The Vietnamese connection

2011-01-22 00:00

ON a game reserve in Limpopo, a diminutive young Vietnamese woman — guided by three professional hunters — aims uncertainly down the sights of a rifle balanced on a tripod.

She squeezes off two shots in quick succession. Forty metres away, a white rhino falls.

Unsmiling, head slightly bowed, she poses for photographs next her kill, its head propped up on a rock.

The carcass is butchered and the horns are hacked off to be prepared for export to Vietnam.

The hunt was carried out legally and monitored by a Limpopo Department of Environmental Affairs official.

But there are disturbing links between legal hunting by Vietnamese nationals in South Africa and the illegal trade in rhino horn by Vietnamese criminal syndicates.

And environmentalists argue that the hunts — which peaked between 2007 and 2008 — were used to bypass the South African government’s moratorium on trade in individual rhino horns and paved the way for the dramatic upsurge in rhino poaching currently gripping South Africa.

A court case in Mokopane (Potgietersrus) this week once again cast a spotlight on the Vietnamese hunting market.

A taxidermist and professional hunter from Mossel Bay, Chris van Wyk (42), was fined R30 000 for illegally hunting a white rhino on behalf of a Vietnamese client, Nguyen Tien Hoang, in 2006.

Following his arrest, the Endangered Wildlife Trust alleged he had arranged the hunt on behalf of “a kingpin in the Vietnamese smuggling syndicate”, a claim he denies.

Van Wyk, who also has two prior convictions for the illegal trade and transportation of rhino horn and elephant tusks, is the man credited — wrongly, he says — with “creating” the Vietnamese hunting market in South Africa.

He readily admits arranging the first legal rhino hunt by a Vietnamese citizen in South Africa in 2003 and numerous others in subsequent years.

In an interview with Media24 Investigations following his sentencing on Tuesday, Van Wyk said increasingly stringent hunting regulations were to blame for the upsurge.

“I won’t say I created the market. There was always a market. It was an open market. I only filled the market. I applied for the first Vietnamese client that hunted in South Africa in Natal. It was a legal hunt.

“It is like any hunt inquiry that I get. I check to see if it is viable, if it is possible and if it is legal. If those three things are there then obviously I provide a quotation and if the client accepts it then I hunt with him,” he said.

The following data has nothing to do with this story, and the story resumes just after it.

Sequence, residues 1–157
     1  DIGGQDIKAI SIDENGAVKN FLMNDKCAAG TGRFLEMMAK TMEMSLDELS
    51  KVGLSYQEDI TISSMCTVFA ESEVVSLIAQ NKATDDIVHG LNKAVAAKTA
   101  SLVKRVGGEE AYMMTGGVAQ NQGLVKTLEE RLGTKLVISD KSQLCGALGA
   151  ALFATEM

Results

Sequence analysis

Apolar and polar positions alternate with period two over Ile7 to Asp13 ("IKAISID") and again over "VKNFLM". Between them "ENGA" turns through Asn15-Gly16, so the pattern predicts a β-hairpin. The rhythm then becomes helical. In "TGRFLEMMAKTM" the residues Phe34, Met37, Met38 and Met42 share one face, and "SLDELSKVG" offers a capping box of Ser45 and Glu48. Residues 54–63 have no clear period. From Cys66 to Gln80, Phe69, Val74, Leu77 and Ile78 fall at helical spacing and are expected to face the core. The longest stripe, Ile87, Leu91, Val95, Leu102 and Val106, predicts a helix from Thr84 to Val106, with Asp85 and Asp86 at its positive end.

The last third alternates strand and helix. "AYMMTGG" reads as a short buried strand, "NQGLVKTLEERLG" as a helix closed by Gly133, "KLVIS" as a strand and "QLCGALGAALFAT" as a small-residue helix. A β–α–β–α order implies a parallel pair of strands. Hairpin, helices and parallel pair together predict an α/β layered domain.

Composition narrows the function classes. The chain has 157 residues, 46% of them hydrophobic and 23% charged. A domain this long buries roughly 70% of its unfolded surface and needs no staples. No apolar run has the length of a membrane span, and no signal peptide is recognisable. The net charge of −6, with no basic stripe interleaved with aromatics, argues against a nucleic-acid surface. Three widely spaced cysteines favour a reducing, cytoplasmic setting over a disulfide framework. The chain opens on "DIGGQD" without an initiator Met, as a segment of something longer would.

Van Wyk said current law need’ to be reconsidered. “There is a terrible stain on guys who want to hunt legally. Because it is difficult for Vietnamese to get rhino horn through legal hunting, a much bigger illegal market is created by making it difficult for guys to do it legally.

“At one stage there were 100 rhinos being hunted by Vietnamese, now suddenly its 20. But the initial 100 remain. It is not about five years or 10 years, it does not change. There will always be demand. Poaching continues because the market remains.”

Van Wyk said the rhino poachers gave him and other hunters who tried to operate according to the law a “bad name”.

He said there are between 15 and 18 hunters in South Africa who deal with the Vietnamese.

“The rhino market is Vietnamese. I know of one professional hunter who shot 150 rhinos last year. I think at this stage I am the smallest of them all,” he said.

Van Wyk’s clients pay between R300 000 and R1,5 million to hunt a rhino.

Asked if he knew of syndicates who use legal hunting to get rhino horn into Vietnam, Van Wyk said: “I have never been overseas so I don’t know what goes on over there. All I do if the hunter comes out here is apply for a permit, regulate the hunt, prepare the trophy and ship it.”

THE link between legal hunting and the illegal trade in rhino horn was highlighted in a November 2009 report by Traffic, the international wildlife trade monitoring network.

According to the report, only 38 rhino horns originating from South Africa were declared to customs officials upon their arrival in Vietnam between 2006 and 2009. A staggering 87% of the official trade from South Africa went unreported and most horns were illegally smuggled into Vietnam, circumventing customs regulations and ensuring they were untraceable.

According to the report “investigations in South Africa have revealed disturbing evidence of organised crime”.

Faan Coetzee, head of the unit protecting rhinos at the Endangered Wildlife Trust, says criminal syndicates make use of ordinary Vietnamese, sending them on “all-expenses-paid holidays” to South Africa to hunt rhino.

“The syndicate bosses don’t hunt themselves … They send people who aren’t hunters out for a holiday of three weeks. Everything is paid for them just to come and shoot two or three rhinos. At one stage one person was shooting three animals in different provinces so that there wasn’t too much of an alert,” he said.

“The trophy is really just the horn, sometimes they take the hides, some people are also interested in the legs, some take the penises and then there are the guys that want the gall bladder, but a rhino doesn’t have a gall bladder. They grind it up for medicine.”

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